Veronica starts new streak

  
Robert Murphy's barn has begun another Stakes winning streak.

After recently winning the Langley Pace to end a string of 16 Stakes races without a win, the powerful Murphy barn made it two straight by capturing the Miss Valentine for four-year-old mares on Friday, Feb. 14.

Red Star Veronica, part of a Murphy entry that went to the post as a 6-5 favourite, paced to victory over a full field of nine to take the mile in 1:58 and the winner's share of the $31,000 purse.

The victory was the first of 2003 and fourth career for the daughter by Village Jiffy out of R Wayout WestLo and pushed her career earnings to slightly less than $60,000. 
 
Trained by Bill Davis and driven by Dave McKellar, Veronica, who started from the five hole, stalked the early pace set by Marissa Seelster (Camluck-Moving Along), an even-odds second choice. Seelster, who started from the outside eight hole, got the lead by the quarter although not getting to the pylons until just past the quarter.

Dealmeahos, a 9-1 fourth choice, was first up to challenge and actually slipped into second outside before making a break at the 3/4 pole. Red Star Veronica made a move on the last turn and used a 29.4 seconds last quarter to catch Seelster and driver Tim Brown and win by three quarters of a length.

Blue Star Promise, the other half of the Murphy entry driven by Davis, finished third.

"I might have got carried along a little," McKellar told Downs' simulcast director Dan Jukich after the race, "but mine (Veronica) was good today.

"You always know with Billy's (Davis) horses that they are always ready and you have to take advantage of that. I'll take it."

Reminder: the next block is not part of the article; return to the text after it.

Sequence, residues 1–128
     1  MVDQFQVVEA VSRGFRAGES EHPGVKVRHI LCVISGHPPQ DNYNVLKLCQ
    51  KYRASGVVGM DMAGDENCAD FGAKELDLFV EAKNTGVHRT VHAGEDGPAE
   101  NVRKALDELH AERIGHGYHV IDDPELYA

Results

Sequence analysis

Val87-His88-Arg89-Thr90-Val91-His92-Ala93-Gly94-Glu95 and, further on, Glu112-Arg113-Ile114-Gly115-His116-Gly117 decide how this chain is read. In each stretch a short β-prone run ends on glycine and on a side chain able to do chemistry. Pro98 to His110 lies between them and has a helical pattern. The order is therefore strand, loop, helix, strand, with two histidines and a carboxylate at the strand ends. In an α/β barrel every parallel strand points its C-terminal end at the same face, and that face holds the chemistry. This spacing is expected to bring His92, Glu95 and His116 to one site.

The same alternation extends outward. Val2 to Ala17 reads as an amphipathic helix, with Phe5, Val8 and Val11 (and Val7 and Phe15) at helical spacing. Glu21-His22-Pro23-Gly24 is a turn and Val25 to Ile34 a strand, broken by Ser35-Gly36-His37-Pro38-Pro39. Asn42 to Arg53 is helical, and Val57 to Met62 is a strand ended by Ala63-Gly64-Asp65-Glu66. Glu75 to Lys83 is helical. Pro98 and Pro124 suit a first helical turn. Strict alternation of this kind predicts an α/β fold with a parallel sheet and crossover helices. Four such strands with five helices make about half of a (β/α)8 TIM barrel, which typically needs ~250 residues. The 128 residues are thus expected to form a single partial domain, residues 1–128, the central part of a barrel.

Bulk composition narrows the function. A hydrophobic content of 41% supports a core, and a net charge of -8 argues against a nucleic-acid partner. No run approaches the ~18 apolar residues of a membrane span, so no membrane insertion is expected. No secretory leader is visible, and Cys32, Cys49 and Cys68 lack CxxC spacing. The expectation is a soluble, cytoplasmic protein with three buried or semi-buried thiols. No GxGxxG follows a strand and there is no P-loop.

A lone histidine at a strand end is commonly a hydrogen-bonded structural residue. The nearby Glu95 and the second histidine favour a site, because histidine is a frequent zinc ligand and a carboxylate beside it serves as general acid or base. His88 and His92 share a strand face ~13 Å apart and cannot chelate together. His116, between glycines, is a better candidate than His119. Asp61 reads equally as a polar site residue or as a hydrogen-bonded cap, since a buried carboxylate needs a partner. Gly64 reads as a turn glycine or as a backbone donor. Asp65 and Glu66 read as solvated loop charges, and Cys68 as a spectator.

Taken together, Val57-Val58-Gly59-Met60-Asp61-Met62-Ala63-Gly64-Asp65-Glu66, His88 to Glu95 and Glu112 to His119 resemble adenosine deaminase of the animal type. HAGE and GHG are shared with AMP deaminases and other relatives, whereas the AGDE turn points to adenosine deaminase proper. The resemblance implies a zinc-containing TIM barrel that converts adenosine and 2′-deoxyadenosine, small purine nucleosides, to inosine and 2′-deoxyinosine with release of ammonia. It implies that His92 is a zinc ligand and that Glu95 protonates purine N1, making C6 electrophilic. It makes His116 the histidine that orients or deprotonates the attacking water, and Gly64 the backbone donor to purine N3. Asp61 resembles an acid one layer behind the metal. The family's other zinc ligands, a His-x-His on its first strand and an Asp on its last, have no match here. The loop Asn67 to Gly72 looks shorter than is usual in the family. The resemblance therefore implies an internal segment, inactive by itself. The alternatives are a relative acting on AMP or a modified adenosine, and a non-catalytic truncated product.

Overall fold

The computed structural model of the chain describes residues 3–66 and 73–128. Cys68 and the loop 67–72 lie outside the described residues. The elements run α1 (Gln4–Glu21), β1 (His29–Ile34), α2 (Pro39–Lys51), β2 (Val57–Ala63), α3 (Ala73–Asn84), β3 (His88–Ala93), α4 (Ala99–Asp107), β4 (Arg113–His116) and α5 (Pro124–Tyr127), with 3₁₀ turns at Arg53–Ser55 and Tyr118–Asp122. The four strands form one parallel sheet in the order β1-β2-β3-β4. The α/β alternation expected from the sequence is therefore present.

Interestingly, such horses as Dal Reo Damsel, Holy Doodle and I Wish I Might (all nominated for B.C. 2002 three-year-old filly awards) and Papas Reflection, a former Stakes winner, were eligible for the Miss Valentine but did not compete.
  
JUST FINE THANKS: Samantha Square is alive and quite well.

The now five-year-old hard-hitting daughter of Albert Albert campaigned much of 2002 in Ontario against the best open fillies and mares. Late in the year Downs driver/trainer Rick White, who shares ownership with June and John Kauffman, brought her back to B.C. for some R and R.

"She was tired when she came home," White said recently. ""Maybe we raced her a month too long . . . hindsight is 20-20."
But White says now, "She is well rested. She may have lost a little weight but she is doing fine."

As for rumours of her competing at the Downs in the Miss Cloverdale stake event on March 14, White said, "I didn't pay her up, she wouldn't be ready in time," and also admitted, "I just said that to get a couple of guys going."

White said Samantha Square would likely head back to Ontario around April 1 but before that "we may qualify her here a couple of times."

Samantha Square has career earnings of more than $460,000.
 
39 HORSES MOVE BARNS: Total sales for the second annual B.C. Standardbred Breeders Society mixed sale Monday, Feb. 10 at the Cloverdale Agriplex was $75,750.